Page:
Room for Improvement

Despite the exceptional technological and material advances in driver’s licenses and ID cards over the last 20 years, there is still room for improvement, mainly in stopping criminals from making fraudulent IDs.

While the technologies being used to create and issue a better driver’s license have all advanced, the access to them is still problematic when it comes to the bad guys. Because criminals have access to these technologies, they can create counterfeit documents that are far more sophisticated than something produced 10, 15 or 20 years ago.

Another major problem facing identity management is imposter fraud—when the document is legitimate, but the person using it isn’t who they say they are and are not connected to the document.

However, according to Leak, improvements to card materials, as well as more robust security features, allow jurisdictions to offer a credential that is far more resistant to tampering and alteration than in the past. “Improvements in technology and materials certainly will continue and will result in improvements to credential security. And of course you have to add the mobile identity efforts—mobile driver’s licenses as a current topic of a combined AAMVA Working Group—to the list of potential improvements. Given thoughtful implementation, this product has the potential to enhance identity security as well as have an impact on highway safety,” he says.

The importance of Standardization

While interoperability among jurisdictions has improved greatly over the last 20 years, a possible solution to some of the security problems facing identity management is even more standardization, especially when it comes to issuing IDs. By using the same screening process and standards, jurisdictions can work together to fight fraud.

“It’s true that we’ve gotten better as a community in how we go about making our secured documents,” Slagle says. “Yet there’s still the opportunity for more consistency and uniformity in how we proof people.”

There is room for improvement in most if not all jurisdictions. For example, a jurisdiction that has an excellent document that is resistant to any kind of counterfeiting might not have a rigorous-enough process for screening people when they are obtaining the document. On the other hand, another jurisdiction might have an optimal screening process for obtaining the document, but the document itself may be susceptible to counterfeiting.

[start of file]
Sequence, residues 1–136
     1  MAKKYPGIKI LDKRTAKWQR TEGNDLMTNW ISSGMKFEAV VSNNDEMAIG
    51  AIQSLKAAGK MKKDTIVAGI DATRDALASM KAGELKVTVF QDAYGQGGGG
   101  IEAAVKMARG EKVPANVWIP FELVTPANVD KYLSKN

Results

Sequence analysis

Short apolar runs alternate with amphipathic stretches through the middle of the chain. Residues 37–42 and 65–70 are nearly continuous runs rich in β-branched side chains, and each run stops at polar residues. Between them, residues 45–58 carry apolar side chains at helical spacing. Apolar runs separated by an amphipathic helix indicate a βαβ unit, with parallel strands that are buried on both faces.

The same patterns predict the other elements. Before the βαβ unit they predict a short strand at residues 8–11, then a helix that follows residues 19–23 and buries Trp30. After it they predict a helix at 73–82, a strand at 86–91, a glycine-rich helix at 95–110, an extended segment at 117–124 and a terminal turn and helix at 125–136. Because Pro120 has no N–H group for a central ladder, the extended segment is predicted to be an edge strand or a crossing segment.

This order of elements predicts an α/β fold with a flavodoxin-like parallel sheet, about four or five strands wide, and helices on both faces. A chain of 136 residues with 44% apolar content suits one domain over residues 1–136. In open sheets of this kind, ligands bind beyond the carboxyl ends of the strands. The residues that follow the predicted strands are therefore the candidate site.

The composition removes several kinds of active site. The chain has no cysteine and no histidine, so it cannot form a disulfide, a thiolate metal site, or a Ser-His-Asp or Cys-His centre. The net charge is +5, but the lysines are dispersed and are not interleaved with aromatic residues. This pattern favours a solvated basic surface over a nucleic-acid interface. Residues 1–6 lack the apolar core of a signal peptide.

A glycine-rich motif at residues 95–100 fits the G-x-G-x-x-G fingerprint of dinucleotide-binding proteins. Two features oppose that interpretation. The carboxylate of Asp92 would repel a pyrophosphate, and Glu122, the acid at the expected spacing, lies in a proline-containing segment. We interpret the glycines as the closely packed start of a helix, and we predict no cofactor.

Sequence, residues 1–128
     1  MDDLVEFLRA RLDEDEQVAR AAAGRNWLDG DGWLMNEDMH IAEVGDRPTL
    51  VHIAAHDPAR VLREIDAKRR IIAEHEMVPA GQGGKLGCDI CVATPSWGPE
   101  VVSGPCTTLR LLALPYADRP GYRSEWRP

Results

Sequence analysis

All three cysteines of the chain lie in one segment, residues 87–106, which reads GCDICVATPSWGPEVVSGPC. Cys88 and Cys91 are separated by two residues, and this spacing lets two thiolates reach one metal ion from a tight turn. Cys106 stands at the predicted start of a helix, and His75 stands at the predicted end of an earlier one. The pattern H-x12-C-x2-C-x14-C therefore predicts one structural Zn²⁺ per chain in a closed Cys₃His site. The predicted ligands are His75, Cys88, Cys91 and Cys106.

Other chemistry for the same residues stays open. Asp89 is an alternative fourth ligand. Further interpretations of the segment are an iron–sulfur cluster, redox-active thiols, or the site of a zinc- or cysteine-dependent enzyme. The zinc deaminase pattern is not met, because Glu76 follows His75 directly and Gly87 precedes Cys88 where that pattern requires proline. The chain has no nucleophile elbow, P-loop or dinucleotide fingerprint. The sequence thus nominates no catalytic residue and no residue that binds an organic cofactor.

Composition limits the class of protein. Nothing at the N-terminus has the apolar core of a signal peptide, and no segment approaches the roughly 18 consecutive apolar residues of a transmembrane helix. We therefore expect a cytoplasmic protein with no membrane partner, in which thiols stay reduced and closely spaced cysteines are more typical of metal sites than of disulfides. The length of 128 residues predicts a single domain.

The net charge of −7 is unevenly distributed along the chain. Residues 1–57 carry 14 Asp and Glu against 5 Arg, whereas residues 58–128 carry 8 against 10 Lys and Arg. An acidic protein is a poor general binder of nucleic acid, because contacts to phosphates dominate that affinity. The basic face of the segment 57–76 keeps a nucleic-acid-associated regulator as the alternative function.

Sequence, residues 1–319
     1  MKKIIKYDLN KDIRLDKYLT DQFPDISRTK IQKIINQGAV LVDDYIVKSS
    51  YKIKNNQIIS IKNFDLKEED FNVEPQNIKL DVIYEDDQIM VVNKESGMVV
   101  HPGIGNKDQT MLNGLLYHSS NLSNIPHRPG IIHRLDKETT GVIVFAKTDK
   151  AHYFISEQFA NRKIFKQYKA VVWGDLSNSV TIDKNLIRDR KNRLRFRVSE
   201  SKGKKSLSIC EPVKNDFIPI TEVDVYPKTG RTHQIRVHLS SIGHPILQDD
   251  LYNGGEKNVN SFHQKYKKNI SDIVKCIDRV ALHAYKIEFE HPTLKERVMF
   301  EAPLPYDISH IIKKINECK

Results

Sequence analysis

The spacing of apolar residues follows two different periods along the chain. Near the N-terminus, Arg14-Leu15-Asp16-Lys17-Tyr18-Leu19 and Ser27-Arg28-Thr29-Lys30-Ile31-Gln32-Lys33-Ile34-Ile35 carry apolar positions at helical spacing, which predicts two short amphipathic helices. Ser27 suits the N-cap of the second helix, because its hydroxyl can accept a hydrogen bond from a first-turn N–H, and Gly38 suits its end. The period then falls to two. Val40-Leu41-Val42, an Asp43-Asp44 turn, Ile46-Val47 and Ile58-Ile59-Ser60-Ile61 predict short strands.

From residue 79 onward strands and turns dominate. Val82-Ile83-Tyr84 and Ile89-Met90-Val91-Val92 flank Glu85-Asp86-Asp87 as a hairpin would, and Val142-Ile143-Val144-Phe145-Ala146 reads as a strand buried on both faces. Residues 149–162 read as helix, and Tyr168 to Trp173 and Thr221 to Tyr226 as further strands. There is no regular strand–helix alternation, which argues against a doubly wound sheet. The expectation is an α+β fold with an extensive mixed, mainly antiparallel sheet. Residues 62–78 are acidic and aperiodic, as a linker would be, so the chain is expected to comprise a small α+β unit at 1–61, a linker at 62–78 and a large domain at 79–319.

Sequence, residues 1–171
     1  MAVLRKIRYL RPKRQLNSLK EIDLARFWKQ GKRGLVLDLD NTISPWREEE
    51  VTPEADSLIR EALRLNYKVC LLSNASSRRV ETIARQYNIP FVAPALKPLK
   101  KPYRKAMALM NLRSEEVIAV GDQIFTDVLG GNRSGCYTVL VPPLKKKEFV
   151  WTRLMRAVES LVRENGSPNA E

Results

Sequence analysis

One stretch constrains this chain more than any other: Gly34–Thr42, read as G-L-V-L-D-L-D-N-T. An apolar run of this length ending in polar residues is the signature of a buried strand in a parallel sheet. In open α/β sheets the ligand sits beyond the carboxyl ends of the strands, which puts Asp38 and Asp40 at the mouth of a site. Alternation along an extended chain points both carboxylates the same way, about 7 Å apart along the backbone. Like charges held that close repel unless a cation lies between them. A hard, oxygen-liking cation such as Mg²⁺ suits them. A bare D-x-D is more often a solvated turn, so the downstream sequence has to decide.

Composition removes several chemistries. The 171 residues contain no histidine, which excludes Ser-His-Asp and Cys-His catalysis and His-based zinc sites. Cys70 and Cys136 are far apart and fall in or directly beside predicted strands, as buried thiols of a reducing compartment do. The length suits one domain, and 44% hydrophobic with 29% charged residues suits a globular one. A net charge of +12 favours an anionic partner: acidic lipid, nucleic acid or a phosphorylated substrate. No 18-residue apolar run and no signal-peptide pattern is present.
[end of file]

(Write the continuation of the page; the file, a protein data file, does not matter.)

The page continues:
Blackstock believes there is and will continue to be an ongoing struggle in creating high-quality IDs that are also immune to fraud. “The challenge I see with all of the new security features you can build into documents these days is that if nobody knows what the security feature is, it doesn’t really mean much. And if you tell everybody what the security features are, then you just give the forgers all the information they need to create quality counterfeit documents. It’s a Catch 22.”

The Wave of the Future

The final and most important piece of the identity management puzzle is fighting imposter fraud by ensuring the person who makes a claim about his or her identity is telling the truth. Binding the person to his or her ID can be done through biometrics on mobile driver’s licenses (mDLs), which is the next step in identity management.

An mDL will be on a person’s phone, tablet or laptop. It won’t be a replacement for a driver’s license, but rather it will be supplemental—a way for a person to not only carry one less thing in his or her pocket, but also use to biometrics to further prove one’s identity. Slagle says this will be done either through facial recognition or finger imaging, and he anticipates some states will have mDLs as early as 2017. He predicts that in the next three years, a significant number of jurisdictions will have them, and in five years, more than half of states will issue mDLs.